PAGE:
Article IX - The Republic of Haiti will not without previous agreement with the President of the United States, modify the customs duties in a manner to reduce the revenues therefrom; and in order that the revenues of the Republic may be adequate to meet the public debt and the expenses of the Government, to preserve tranquillity and to promote material prosperity, the Republic of Haiti will cooperate with the Financial Adviser in his recommendations for improvement in the methods of collecting and disbursing the revenues and for new sources of needed income.

    Article X - The Haitian Government obligates itself, for the preservation of domestic peace, the security of individual rights and full observance of the provisions of this treaty, to create without delay an efficient constabulary, urban and rural, composed of native Haitians. This constabulary shall be organized and officered by Americans, appointed by the President of Haiti, upon nomination by the President of the United States. The Haitian Government shall clothe these officers with the proper and necessary authority and uphold them in the perfomance of their functions. These officers will be replaced by Haitians as they, by examination, conducted under direction of a board to be selected by the senior American officer of this constabulary and in the presence of a representative of the Haitian Government, are found to be qualified to assume such duties. The constabulary herein provided for, shall, under the direction of the Haitian Government, have supervision and control of arms and ammunition, military supplies, and traffic therein, throughout the country. The high contracting parties agree that the stipulations in this Article are necessary to prevent factional strife and disturbances.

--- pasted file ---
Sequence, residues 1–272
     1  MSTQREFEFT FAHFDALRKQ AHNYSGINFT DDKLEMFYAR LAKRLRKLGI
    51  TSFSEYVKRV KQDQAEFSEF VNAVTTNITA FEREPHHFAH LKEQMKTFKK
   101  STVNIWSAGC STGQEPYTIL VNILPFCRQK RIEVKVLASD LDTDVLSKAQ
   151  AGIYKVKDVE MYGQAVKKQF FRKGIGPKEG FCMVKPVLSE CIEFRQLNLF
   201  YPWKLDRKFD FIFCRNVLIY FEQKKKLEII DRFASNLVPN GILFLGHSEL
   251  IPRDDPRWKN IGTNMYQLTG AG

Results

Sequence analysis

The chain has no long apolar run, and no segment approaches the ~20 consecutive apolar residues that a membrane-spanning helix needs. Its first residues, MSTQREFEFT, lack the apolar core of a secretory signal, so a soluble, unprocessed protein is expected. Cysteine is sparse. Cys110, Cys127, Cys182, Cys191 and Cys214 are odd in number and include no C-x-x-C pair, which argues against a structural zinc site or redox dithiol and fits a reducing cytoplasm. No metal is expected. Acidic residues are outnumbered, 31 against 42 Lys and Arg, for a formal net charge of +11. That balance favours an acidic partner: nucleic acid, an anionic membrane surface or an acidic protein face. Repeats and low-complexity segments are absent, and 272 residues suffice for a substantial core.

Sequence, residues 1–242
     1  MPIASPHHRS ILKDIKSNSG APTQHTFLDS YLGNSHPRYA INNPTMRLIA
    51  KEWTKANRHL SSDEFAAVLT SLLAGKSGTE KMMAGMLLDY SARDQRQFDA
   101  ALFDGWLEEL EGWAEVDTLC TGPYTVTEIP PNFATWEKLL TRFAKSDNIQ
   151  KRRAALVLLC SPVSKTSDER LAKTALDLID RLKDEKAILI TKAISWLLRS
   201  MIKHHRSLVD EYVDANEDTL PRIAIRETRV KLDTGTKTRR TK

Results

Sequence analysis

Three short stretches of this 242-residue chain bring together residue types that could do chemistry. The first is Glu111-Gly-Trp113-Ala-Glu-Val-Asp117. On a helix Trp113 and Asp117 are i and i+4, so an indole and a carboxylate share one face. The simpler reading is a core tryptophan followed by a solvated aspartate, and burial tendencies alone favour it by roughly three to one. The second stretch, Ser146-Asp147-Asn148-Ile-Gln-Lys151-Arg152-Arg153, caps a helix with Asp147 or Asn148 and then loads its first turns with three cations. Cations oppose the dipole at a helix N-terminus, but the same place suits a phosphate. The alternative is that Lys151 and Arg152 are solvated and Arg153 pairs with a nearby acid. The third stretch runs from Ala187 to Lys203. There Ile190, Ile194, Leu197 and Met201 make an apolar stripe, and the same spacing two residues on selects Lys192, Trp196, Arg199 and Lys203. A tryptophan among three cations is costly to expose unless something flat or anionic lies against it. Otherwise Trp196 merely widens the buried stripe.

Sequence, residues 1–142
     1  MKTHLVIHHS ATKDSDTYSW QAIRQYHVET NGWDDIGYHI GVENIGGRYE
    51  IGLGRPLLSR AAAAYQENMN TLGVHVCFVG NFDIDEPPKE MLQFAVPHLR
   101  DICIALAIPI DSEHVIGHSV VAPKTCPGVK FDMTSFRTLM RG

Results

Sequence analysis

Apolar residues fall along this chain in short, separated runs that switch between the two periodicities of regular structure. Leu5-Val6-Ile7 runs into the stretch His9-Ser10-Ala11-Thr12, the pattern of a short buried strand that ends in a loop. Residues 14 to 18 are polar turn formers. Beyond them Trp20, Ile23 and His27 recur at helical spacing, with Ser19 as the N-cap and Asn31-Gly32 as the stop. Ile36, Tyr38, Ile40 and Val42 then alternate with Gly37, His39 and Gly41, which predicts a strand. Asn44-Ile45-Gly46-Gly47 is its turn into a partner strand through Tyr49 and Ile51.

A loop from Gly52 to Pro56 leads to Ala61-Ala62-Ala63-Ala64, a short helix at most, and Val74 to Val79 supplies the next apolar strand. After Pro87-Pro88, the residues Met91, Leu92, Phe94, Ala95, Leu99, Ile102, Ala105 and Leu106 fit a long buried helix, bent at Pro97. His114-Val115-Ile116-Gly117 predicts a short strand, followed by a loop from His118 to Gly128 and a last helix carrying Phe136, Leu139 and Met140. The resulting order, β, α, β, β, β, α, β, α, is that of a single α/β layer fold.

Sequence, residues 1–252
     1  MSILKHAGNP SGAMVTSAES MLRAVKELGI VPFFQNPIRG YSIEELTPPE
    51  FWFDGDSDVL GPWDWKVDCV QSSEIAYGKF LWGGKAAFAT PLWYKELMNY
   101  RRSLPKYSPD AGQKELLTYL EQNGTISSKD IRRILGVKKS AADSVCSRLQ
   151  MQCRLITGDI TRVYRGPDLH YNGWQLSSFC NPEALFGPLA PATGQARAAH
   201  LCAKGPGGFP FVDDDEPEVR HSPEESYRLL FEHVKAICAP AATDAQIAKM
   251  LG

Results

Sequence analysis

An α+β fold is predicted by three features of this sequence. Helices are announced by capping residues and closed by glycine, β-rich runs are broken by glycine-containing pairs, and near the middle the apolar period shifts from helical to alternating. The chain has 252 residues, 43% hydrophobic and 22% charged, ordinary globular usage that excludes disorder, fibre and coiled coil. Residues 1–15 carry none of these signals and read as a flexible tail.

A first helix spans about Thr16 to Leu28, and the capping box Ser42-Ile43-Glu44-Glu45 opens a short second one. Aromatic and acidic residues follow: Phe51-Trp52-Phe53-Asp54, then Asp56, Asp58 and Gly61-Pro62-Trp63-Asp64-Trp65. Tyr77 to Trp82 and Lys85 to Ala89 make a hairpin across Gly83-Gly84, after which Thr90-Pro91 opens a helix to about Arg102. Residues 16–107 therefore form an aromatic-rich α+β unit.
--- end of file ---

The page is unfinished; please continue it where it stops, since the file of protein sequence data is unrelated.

Article XI - The Government of Haiti agrees not to surrender any of the territory of the Republic of Haiti by sale, lease, or otherwise, or jurisdiction over such territory, to any foreign government or power, not to enter into any treaty or contract with any foreign power or powers that will impair or tend to impair the independence of Haiti.

    Article XII - The Haitian Government agrees to execute with the United States a protocol for the settlement, by arbitration or otherwise, of all pending pecuniary claims of foreign corporations, companies, citizens or subjects against Haiti.

    Article XIII - The Republic of Haiti, being desirous to further the development of its natural resources, agrees to undertake and execute such measures as in the opinion of the high contracting parties may be necessary for the sanitation and public improvement of the Republic, under the supervision and direction of an engineer or engineers, to be appointed by the President of Haiti upon nomination by the President of the United States, and authorized for that purpose by the Government of Haiti.